Commentary: Use open space to clean up Banning Ranch

Re. "Planning Commission OKs Banning Ranch plans," (June 21):

Mike Reicher's article refers to a Newport Beach city staff report that has several inaccuracies. Of greatest concern is the report's claim that open space remediation of Banning Ranch would cost the taxpayers $30 million. This is simply not true.

The cost would be a fraction of the cost for residential/commercial remediation. The cost to the developer, Newport Banning Ranch LLC, is $30 million to $60 million. Open space costs would be a tenth of that or less. With open space remediation, there is no requirement to re-abandon several hundred oil wells at a cost of $80,000 to $150,000 per well. Nor is it necessary to remediate nearly 3 million cubic yards of contaminated soil through years of the exorbitantly expensive land-farming that is required of the developer.

The petroleum hydrocarbon cleanup criteria for non-residential (open space) remediation, based on the Orange County Health Care Agency's requirements, is 1,000 to 20,000 ppm (parts per million). The residential requirement is 100 ppm. Open space remediation is not held to the rigid standards of residential remediation because there is no for-profit motive to build homes or to build any other enclosed structures on an operational oil field — and in some cases on top of what are mapped as both active and abandoned wells.

Banning Ranch is already self-remediating through a process called phytoremediation. As it turns out, plants have the miraculous ability to clean up the contamination caused by man, no matter how deadly, and the toxic wastes created by oil production are deadly to humans.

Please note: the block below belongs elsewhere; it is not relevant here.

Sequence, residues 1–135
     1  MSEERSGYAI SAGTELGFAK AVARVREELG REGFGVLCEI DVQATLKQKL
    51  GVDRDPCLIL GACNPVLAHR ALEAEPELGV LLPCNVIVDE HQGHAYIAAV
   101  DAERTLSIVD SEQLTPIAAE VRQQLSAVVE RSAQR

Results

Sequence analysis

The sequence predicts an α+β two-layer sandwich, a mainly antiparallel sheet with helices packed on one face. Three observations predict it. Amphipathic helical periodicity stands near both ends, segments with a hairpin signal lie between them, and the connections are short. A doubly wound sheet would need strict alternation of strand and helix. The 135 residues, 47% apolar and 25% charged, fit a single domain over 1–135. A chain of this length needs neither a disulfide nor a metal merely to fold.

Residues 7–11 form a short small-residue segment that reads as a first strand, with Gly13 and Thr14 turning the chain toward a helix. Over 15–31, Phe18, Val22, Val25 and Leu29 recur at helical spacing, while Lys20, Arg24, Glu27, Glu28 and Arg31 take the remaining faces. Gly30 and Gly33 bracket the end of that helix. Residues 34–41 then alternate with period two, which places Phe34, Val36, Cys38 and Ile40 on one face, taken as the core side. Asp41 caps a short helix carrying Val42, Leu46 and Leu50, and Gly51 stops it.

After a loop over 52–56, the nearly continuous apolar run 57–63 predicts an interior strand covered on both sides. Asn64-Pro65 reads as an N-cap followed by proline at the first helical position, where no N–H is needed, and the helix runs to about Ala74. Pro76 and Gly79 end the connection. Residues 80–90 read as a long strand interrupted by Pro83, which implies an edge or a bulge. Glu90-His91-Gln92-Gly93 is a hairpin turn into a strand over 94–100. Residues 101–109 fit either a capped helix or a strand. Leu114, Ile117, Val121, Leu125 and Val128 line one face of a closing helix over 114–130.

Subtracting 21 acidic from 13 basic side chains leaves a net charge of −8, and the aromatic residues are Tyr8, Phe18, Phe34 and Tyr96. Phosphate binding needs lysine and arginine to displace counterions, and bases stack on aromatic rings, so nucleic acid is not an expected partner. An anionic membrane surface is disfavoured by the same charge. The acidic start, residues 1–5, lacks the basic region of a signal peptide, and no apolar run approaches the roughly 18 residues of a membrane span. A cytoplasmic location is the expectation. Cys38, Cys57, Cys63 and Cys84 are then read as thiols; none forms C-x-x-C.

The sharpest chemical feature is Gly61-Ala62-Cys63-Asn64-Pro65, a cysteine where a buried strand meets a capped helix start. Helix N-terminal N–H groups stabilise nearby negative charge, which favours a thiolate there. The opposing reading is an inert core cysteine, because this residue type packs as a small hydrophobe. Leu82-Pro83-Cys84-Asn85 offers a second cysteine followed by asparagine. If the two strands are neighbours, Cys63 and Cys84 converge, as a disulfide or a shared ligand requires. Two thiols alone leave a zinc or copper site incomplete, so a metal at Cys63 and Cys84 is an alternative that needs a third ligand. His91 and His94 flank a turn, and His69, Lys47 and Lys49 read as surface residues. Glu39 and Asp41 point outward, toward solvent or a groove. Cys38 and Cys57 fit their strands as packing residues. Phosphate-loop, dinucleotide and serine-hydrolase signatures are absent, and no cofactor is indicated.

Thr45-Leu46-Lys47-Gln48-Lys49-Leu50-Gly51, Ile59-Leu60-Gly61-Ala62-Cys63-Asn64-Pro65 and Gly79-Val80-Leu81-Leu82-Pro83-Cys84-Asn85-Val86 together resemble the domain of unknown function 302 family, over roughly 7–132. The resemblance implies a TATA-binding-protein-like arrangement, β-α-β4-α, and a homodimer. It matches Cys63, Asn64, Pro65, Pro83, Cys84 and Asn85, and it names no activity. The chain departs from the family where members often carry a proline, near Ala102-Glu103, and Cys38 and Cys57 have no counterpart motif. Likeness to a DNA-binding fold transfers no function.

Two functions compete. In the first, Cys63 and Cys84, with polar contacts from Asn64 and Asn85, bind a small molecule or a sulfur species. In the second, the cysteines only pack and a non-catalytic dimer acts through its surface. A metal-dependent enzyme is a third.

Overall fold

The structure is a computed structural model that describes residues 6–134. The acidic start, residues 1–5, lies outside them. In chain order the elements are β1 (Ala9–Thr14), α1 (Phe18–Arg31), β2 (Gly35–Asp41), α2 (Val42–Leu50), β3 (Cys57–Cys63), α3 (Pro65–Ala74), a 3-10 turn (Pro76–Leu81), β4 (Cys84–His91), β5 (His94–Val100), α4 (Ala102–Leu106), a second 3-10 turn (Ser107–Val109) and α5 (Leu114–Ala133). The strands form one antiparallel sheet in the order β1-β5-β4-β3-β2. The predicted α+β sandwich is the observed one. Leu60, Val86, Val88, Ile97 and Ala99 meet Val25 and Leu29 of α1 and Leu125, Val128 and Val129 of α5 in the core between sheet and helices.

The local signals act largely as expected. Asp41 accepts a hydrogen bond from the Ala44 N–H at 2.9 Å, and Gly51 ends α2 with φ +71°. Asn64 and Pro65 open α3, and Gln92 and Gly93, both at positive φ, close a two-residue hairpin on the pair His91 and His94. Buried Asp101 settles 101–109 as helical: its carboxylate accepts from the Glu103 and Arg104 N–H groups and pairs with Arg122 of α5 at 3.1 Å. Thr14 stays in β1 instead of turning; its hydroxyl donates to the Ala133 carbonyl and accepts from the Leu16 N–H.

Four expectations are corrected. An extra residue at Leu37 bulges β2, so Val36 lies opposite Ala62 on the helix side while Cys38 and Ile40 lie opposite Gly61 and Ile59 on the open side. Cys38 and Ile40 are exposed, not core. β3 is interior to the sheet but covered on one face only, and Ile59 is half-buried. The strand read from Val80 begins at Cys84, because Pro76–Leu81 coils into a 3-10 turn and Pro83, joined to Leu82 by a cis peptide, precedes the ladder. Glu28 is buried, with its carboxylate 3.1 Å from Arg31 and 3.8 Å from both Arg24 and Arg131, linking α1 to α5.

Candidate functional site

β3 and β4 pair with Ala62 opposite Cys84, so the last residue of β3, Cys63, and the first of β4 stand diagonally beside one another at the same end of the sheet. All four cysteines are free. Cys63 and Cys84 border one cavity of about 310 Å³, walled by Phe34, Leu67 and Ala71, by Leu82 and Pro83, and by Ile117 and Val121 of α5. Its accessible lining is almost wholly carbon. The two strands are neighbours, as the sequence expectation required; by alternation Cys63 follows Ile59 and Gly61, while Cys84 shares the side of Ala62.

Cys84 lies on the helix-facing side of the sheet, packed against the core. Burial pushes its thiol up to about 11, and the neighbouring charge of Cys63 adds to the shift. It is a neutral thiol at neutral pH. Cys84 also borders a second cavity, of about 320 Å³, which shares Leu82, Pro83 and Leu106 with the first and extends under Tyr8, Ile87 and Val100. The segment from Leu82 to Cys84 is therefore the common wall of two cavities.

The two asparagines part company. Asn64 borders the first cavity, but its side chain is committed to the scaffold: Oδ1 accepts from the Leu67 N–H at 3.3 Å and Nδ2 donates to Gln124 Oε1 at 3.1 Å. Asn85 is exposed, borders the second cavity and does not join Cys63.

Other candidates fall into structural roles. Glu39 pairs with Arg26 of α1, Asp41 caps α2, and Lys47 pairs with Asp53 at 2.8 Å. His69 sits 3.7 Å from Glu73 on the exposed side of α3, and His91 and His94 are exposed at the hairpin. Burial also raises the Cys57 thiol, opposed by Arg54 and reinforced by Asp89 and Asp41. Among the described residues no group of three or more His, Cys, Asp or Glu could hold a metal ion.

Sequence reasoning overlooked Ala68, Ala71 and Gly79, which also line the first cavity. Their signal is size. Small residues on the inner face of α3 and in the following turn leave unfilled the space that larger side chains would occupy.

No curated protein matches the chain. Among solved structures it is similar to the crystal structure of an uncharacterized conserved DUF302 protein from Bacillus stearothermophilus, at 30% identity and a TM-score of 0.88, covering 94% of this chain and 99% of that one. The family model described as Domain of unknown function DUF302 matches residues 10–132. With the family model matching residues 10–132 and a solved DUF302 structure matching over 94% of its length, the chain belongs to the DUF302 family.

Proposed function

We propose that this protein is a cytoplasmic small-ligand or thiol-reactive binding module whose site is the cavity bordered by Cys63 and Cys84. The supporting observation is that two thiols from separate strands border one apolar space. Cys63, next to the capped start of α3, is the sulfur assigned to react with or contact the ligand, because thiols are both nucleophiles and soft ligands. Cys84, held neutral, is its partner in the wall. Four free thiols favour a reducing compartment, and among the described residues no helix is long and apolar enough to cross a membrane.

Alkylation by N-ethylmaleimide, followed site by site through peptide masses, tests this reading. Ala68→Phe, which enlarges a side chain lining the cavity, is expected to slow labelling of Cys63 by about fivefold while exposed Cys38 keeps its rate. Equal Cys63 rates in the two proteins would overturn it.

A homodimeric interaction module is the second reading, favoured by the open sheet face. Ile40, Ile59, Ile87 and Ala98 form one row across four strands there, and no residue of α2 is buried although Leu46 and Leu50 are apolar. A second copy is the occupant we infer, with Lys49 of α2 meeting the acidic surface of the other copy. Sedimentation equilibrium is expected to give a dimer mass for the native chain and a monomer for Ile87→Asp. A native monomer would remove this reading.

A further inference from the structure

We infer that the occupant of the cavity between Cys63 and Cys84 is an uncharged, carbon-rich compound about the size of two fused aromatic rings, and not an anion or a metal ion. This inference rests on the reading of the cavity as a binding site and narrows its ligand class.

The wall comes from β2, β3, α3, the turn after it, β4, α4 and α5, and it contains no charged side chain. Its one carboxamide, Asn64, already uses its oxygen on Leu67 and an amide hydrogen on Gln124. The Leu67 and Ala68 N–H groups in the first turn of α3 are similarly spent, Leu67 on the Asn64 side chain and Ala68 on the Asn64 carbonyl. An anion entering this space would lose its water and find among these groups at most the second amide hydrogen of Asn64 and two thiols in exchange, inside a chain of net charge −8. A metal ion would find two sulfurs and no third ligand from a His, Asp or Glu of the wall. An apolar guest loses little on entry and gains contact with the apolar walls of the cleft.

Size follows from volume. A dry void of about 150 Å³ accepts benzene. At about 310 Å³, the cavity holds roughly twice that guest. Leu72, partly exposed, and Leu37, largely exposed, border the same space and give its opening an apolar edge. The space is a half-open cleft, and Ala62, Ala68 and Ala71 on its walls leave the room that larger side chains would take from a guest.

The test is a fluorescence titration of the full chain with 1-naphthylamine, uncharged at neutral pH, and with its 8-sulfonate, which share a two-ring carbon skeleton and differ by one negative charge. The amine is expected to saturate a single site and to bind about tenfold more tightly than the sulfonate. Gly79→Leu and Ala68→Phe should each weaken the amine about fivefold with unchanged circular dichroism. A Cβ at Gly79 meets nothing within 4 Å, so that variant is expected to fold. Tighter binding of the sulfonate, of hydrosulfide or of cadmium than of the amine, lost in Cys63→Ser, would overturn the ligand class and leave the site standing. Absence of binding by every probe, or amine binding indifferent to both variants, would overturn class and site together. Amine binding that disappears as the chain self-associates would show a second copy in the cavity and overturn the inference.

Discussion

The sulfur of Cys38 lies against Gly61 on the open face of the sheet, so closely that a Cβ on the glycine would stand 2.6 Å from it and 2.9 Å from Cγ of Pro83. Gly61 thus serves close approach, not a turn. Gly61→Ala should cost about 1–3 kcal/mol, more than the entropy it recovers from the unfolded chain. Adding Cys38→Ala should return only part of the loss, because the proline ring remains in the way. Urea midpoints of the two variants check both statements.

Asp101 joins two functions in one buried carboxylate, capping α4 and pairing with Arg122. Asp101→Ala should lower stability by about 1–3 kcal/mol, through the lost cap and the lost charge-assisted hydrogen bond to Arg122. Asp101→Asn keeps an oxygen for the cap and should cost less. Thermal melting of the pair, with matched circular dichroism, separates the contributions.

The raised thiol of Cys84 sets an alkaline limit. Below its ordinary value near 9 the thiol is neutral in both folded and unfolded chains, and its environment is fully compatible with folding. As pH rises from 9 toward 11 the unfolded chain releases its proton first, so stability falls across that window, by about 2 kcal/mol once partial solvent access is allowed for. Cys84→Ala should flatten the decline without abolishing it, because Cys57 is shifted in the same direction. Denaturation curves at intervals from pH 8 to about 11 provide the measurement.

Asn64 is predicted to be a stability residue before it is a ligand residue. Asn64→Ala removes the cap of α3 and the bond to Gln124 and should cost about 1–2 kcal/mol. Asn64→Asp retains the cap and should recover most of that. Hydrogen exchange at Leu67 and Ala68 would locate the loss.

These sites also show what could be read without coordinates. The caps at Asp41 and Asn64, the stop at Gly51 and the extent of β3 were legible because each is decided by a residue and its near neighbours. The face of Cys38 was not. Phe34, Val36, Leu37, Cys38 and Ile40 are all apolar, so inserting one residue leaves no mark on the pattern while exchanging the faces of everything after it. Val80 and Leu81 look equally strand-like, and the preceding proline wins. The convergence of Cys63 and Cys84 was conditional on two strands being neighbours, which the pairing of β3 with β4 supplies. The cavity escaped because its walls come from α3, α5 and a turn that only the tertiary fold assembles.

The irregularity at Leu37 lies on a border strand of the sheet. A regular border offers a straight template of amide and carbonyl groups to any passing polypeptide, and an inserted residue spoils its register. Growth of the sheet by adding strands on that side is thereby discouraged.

With open space use, it won't be necessary to excavate massive amounts of contaminated soil, exposing the public to health and safety hazards. Nor will it be necessary to alter or eliminate any natural land forms, grade natural bluffs and arroyos or make cuts as deep as 25 feet, all of which the developers plan to do, according to their environmental impact report. In other words, with open space use it won't be necessary to destroy the land before it can be remediated and developed.

Open space remediation is the ideal solution for Banning Ranch. It would utilize native plants and natural forms of bio remediation to restore, preserve and protect virtually all of the land as it now exists, a rare and unique ecosystem. As a nature preserve and park with coastal trails, picnic areas and even an active sports component, Banning would give the public all the benefits the developers are offering with none of the negative impacts.

SUZANNE FORSER lives in Newport Beach.

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